Analysis (sometimes called Real Analysis or Advanced Calculus) is a core subject in most undergraduate mathematics degrees. It is elegant, clever and rewarding to learn, but it is hard. Even the best students find it challenging, and those who are unprepared often find it incomprehensible at first. This book aims to ensure that no student need be unprepared. It is not like other Analysis books. It is not a textbook containing standard content. Rather, it is designed to be read before arriving at university and/or before starting an Analysis course, or as a companion text once a course is begun. It provides a friendly and readable introduction to the subject by building on the student’s existing understanding of six key topics: sequences, series, continuity, differentiability, integrability and the real numbers. It explains how mathematicians develop and use sophisticated formal versions of these ideas, and provides a detailed introduction to the central definitions, theorems and proofs, pointing out typical areas of difficulty and confusion and explaining how to overcome these.

The book also provides study advice focused on the skills that students need if they are to build on this introduction and learn successfully in their own Analysis courses: it explains how to understand definitions, theorems and proofs by relating them to examples and diagrams, how to think productively about proofs, and how theories are taught in lectures and books on advanced mathematics. It also offers practical guidance on strategies for effective study planning. The advice throughout is research based and is presented in an engaging style that will be accessible to students who are new to advanced abstract mathematics.

The Way of Analysis
by Robert S. Strichartz

The Way of Analysis gives a thorough account of real analysis in one or several variables, from the construction of the real number system to an introduction of the Lebesgue integral. The text provides proofs of all main results, as well as motivations, examples, applications, exercises, and formal chapter summaries. Additionally, there are three chapters on application of analysis, ordinary differential equations, Fourier series, and curves and surfaces to show how the techniques of analysis are used in concrete settings.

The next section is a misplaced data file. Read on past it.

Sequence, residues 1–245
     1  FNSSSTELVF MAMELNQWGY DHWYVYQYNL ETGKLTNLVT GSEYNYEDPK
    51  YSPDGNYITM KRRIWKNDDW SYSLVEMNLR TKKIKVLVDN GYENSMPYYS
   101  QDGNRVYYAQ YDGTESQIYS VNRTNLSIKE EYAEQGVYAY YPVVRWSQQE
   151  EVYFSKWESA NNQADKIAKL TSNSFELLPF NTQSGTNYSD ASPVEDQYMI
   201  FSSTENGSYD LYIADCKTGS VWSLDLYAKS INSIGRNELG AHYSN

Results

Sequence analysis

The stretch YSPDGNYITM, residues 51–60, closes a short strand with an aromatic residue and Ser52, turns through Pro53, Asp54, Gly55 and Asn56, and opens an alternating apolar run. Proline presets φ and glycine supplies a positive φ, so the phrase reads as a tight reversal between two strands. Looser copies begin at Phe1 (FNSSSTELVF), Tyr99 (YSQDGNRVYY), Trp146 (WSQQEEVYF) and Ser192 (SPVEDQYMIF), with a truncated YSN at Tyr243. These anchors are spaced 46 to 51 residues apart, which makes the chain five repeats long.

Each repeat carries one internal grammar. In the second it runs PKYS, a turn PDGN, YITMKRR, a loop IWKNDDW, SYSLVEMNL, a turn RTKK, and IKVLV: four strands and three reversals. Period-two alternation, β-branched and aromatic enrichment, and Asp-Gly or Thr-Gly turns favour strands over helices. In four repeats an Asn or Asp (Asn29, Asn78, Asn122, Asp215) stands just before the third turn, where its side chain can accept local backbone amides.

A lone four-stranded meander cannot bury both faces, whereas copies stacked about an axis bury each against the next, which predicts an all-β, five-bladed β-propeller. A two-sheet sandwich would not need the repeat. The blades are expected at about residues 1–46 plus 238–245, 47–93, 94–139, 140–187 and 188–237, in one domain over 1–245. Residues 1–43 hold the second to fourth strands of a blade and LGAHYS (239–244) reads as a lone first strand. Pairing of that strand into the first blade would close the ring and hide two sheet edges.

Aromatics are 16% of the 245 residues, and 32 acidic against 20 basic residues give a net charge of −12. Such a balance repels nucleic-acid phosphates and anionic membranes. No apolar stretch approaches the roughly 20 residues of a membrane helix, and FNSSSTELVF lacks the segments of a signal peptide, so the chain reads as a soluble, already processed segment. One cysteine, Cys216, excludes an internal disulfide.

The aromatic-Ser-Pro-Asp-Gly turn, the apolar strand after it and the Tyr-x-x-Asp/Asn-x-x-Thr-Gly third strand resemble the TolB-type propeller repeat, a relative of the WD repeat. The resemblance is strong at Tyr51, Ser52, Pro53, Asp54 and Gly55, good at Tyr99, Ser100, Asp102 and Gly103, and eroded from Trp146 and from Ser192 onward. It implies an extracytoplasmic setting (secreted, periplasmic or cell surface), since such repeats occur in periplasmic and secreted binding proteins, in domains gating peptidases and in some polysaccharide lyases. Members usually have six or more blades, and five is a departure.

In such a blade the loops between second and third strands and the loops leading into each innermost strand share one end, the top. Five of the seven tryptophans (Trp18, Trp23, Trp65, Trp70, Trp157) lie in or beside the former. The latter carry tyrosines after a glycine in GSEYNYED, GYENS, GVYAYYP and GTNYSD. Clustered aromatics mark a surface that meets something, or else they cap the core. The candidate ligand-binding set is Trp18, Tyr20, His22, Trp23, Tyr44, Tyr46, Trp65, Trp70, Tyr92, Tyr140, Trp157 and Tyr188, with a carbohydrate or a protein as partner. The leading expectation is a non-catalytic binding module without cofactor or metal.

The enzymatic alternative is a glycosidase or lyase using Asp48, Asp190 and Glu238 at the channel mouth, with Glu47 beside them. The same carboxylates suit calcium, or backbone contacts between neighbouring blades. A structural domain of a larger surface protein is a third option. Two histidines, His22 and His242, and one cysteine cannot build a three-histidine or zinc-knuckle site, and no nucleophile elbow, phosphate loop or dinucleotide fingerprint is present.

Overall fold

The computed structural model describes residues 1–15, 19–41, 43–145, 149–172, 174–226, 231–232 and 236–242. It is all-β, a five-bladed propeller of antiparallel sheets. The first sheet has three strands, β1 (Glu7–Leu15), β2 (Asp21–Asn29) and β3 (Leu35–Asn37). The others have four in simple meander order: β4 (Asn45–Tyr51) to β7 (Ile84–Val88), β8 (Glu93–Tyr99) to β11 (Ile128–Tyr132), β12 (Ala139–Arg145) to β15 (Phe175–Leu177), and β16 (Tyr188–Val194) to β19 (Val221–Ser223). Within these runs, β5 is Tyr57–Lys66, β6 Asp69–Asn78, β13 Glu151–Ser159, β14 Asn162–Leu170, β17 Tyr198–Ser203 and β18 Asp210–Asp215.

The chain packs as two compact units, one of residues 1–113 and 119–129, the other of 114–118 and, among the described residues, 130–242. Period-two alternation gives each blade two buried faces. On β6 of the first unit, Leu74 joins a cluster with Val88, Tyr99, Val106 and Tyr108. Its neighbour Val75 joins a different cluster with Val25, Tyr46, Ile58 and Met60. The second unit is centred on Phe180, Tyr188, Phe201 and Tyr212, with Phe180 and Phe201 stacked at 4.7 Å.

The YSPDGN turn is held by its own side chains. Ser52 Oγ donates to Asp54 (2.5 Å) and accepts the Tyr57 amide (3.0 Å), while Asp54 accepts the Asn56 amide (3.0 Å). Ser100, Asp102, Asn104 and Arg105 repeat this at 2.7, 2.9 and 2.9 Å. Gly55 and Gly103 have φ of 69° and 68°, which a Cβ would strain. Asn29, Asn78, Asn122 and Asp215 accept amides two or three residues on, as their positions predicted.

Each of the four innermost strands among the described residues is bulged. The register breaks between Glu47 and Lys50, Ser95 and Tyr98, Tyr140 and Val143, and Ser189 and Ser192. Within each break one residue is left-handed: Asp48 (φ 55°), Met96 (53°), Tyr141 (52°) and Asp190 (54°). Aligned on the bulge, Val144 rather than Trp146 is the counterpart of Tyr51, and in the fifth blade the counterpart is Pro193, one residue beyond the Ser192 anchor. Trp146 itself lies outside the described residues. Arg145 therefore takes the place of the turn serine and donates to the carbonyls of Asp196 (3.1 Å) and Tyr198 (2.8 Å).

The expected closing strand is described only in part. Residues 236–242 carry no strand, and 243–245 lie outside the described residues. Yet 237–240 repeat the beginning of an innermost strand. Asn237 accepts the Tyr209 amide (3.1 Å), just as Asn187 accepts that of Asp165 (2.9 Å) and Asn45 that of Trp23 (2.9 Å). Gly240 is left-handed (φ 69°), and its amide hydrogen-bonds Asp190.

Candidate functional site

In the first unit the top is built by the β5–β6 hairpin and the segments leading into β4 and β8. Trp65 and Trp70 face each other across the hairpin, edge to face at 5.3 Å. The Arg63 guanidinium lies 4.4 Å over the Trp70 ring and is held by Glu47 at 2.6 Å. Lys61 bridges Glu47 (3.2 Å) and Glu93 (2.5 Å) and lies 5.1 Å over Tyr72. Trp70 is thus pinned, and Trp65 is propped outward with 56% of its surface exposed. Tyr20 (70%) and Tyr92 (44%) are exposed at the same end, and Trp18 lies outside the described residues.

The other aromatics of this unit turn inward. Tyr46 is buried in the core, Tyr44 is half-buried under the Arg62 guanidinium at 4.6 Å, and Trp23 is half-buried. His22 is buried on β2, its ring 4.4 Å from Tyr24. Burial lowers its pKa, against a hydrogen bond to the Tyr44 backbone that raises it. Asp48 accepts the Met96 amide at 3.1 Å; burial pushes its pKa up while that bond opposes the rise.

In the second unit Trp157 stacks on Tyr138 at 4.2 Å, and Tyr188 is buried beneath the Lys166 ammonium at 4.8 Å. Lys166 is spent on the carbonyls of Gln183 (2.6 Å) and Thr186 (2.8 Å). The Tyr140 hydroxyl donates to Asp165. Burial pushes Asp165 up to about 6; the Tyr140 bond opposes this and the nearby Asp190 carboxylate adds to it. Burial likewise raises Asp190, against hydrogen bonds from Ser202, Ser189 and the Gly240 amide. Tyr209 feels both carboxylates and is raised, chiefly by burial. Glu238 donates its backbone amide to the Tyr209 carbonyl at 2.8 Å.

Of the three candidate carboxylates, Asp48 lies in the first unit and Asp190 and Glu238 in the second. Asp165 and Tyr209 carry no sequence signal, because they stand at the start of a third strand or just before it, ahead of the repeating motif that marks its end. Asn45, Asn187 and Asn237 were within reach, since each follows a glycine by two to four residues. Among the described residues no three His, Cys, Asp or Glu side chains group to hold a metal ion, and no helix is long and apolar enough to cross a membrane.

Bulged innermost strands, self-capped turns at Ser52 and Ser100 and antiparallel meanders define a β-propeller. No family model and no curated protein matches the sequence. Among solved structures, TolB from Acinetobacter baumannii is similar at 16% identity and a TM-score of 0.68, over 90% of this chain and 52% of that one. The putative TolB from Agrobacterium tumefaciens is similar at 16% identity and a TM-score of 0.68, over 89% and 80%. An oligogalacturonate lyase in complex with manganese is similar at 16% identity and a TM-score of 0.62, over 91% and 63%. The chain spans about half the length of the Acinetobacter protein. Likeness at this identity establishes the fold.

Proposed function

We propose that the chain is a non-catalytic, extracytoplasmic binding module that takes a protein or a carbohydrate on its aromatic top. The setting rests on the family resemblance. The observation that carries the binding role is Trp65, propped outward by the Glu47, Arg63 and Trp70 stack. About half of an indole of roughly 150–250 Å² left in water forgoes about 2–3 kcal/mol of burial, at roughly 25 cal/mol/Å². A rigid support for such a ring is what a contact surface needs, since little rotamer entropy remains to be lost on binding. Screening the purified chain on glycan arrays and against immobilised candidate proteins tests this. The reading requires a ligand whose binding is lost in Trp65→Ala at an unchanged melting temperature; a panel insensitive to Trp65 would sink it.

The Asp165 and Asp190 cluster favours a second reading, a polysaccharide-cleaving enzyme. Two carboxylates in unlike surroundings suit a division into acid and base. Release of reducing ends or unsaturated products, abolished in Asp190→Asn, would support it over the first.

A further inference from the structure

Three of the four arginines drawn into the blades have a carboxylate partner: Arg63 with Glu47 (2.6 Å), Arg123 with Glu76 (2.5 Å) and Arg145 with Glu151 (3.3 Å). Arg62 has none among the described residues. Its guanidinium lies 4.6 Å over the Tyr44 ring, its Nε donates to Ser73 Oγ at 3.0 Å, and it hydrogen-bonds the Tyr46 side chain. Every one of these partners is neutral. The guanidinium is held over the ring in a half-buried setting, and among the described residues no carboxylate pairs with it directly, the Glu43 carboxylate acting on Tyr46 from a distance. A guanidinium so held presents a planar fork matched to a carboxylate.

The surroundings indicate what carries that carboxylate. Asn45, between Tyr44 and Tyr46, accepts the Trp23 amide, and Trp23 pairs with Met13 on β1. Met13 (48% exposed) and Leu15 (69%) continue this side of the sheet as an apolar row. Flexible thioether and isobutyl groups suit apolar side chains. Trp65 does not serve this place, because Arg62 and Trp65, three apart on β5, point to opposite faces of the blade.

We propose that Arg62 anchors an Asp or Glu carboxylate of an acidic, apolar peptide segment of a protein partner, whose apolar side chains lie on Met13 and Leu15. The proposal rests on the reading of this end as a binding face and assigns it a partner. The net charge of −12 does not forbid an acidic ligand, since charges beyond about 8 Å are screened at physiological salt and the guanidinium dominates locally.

Analysis I
by Herbert Amann, Joachim Escher

Logical thinking, the analysis of complex relationships, the recognition of und- lying simple structures which are common to a multitude of problems — these are the skills which are needed to do mathematics, and their development is the main goal of mathematics education. Of course, these skills cannot be learned ‘in a vacuum’. Only a continuous struggle with concrete problems and a striving for deep understanding leads to success. A good measure of abstraction is needed to allow one to concentrate on the essential, without being distracted by appearances and irrelevancies. The present book strives for clarity and transparency. Right from the beg- ning, it requires from the reader a willingness to deal with abstract concepts, as well as a considerable measure of self-initiative. For these e?orts, the reader will be richly rewarded in his or her mathematical thinking abilities, and will possess the foundation needed for a deeper penetration into mathematics and its applications. Thisbookisthe?rstvolumeofathreevolumeintroductiontoanalysis.It- veloped from courses that the authors have taught over the last twenty six years at theUniversitiesofBochum,Kiel,Zurich,BaselandKassel.Sincewehopethatthis book will be used also for self-study and supplementary reading, we have included far more material than can be covered in a three semester sequence. This allows us to provide a wide overview of the subject and to present the many beautiful and important applications of the theory. We also demonstrate that mathematics possesses, not only elegance and inner beauty, but also provides e?cient methods for the solution of concrete problems.

Analysis I
by Terence Tao